Whether you are running a dental or aesthetic medicine practice, you will always encounter patients who will out your patience to the test. More often than not, these patients are always angry, rude and uncooperative. Extreme cases may include handling manipulative, clingy and self-harming people.
The first and most important thing you need to do as a care provider is to draw the line between a patient and their behaviour. This is going to be hard, especially if you know that you have low tolerance are rather impatient. Understand that something else is causing your patients to behave that way. For instance, a patient’s moods may go haywire if they are afraid and anxious because it is their first time to undergo Botulinum Toxin treatment.
Nevertheless, there are some strategies to deal with difficult patients:
Recognise Looming Signs of Irritation
Be sensitive to red flags when talking to your patient. Identify the signs of a bad mood before the situation goes beyond your control. When you start noticing such indications, lead the conversation elsewhere. Give your patients every assurance that things are going to be fine. If this is not possible, neutralise the situation by offering alternatives.
Choose Your Words and Listen Carefully
Communication is important in building a healthy provider-patient relationship. It should go two ways. But if your patient is not cooperating, take the initiative. Choose your words carefully. Confusion leads to arguments and similar interactions, so make sure that your patients easily understand the things you explain. Let them know that you are listening, and look for ways to compromise, as long as there is nothing critical on the line.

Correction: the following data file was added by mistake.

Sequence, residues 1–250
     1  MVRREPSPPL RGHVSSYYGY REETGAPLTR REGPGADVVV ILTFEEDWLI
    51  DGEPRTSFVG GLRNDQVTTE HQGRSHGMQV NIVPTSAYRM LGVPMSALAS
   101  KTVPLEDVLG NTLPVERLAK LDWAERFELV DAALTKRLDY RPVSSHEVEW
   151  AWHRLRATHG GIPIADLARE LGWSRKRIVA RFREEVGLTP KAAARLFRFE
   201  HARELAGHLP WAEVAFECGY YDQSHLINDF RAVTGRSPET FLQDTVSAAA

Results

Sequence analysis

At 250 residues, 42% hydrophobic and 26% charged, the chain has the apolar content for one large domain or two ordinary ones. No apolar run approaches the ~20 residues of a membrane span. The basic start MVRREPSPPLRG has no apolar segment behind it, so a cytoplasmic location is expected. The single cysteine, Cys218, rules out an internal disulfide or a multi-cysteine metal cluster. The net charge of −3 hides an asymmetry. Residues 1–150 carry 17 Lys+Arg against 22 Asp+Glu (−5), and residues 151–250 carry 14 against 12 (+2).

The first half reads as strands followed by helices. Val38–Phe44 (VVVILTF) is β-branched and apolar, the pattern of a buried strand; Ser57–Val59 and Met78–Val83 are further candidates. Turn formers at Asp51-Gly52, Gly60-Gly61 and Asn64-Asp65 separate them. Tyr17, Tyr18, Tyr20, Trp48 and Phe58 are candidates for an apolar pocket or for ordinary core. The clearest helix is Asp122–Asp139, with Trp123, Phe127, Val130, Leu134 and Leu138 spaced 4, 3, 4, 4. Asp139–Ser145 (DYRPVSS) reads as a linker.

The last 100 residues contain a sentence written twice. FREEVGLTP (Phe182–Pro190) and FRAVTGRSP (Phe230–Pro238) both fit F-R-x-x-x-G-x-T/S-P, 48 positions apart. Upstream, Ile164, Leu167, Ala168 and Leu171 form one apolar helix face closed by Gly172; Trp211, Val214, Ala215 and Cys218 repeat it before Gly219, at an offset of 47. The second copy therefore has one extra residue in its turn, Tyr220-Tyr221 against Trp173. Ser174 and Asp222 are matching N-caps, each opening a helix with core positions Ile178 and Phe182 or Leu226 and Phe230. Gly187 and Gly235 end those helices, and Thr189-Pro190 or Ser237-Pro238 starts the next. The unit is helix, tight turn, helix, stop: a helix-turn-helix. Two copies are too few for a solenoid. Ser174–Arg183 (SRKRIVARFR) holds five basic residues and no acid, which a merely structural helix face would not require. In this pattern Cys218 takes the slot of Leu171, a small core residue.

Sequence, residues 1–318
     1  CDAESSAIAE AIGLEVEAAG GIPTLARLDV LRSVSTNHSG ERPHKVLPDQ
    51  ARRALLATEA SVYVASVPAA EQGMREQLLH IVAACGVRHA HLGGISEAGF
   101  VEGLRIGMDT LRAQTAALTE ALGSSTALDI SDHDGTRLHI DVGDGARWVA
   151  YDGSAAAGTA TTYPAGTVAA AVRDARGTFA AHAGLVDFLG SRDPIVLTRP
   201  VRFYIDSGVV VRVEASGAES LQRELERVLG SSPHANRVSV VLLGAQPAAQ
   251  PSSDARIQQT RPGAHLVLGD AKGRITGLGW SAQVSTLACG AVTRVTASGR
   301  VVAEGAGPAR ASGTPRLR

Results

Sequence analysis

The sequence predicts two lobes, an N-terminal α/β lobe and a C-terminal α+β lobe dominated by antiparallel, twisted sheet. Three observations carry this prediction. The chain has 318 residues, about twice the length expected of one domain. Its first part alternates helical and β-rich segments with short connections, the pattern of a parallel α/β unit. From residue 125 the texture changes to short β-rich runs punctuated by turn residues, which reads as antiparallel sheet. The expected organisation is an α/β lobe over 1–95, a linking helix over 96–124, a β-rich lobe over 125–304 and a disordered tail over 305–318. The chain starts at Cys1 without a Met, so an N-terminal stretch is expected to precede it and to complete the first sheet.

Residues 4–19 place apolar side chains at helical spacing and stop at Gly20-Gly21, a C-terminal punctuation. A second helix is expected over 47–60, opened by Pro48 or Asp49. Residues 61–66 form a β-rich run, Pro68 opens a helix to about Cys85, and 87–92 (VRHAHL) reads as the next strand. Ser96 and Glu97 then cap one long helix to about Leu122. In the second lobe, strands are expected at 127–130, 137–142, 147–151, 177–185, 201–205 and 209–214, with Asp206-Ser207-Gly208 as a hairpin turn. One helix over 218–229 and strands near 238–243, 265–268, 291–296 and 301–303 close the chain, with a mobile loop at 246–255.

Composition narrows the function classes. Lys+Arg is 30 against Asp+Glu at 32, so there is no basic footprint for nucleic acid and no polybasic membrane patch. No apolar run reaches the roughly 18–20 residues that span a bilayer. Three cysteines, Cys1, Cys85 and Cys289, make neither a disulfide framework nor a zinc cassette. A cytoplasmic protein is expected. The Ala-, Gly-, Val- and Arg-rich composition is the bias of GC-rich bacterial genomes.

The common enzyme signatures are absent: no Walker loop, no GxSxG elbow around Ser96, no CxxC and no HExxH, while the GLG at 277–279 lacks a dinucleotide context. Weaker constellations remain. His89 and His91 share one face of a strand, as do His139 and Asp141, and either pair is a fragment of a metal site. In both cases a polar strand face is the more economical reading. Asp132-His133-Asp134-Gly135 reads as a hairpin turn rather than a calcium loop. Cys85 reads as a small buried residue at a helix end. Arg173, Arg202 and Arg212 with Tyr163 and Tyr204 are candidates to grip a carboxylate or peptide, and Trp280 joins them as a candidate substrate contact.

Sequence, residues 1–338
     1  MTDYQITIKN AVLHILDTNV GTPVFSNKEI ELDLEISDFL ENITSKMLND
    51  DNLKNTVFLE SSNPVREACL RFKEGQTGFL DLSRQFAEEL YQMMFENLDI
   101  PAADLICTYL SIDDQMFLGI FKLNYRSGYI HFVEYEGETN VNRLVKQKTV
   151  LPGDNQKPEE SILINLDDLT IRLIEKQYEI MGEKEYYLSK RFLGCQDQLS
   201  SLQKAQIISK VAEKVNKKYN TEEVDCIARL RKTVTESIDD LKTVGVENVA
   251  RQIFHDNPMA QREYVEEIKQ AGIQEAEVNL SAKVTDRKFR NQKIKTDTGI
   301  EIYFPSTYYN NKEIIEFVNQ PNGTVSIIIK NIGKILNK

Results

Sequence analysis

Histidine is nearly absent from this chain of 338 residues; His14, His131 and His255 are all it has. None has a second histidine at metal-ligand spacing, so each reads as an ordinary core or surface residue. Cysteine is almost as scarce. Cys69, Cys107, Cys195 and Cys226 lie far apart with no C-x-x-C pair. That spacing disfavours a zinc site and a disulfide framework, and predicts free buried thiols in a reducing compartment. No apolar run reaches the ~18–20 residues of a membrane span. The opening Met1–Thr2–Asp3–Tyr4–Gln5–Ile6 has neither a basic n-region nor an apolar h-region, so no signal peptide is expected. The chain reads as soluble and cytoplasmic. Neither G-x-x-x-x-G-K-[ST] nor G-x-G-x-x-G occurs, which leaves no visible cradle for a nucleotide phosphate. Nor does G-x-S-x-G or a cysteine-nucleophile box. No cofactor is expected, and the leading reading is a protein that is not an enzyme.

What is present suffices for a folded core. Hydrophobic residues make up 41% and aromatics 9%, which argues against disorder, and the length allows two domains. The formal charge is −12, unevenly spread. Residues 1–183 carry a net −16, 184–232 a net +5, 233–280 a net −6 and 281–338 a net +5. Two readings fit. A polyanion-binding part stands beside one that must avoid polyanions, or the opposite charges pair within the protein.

Keep yourself safe, especially if you are dealing with aggressive and combative patients. If something adverse happens during the consultation, document it as soon as possible. This will become part of the patient’s record. This will also protect you from legal threats.
These are only some of the things you need to keep in mind if you happen to accommodate a difficult patient. Stay as professional as possible; restrain yourself from diving into the argument. For more information on running an aesthetic or clinical practice, check our blog section regularly.
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